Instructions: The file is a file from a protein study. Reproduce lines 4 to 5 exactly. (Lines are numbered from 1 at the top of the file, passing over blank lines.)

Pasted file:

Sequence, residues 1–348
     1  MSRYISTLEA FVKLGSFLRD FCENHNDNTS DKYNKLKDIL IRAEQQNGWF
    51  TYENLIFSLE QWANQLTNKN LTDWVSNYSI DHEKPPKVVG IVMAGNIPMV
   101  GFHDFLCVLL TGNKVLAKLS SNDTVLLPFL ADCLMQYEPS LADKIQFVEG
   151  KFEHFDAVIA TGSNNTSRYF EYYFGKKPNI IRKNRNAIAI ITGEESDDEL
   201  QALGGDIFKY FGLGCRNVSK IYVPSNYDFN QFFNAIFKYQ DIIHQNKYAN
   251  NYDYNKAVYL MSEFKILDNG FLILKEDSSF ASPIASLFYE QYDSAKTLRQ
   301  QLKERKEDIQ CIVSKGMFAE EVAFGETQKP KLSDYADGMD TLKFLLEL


   101  GFHDFLCVLL TGNKVLAKLS SNDTVLLPFL ADCLMQYEPS LADKIQFVEG
   151  KFEHFDAVIA TGSNNTSRYF EYYFGKKPNI IRKNRNAIAI ITGEESDDEL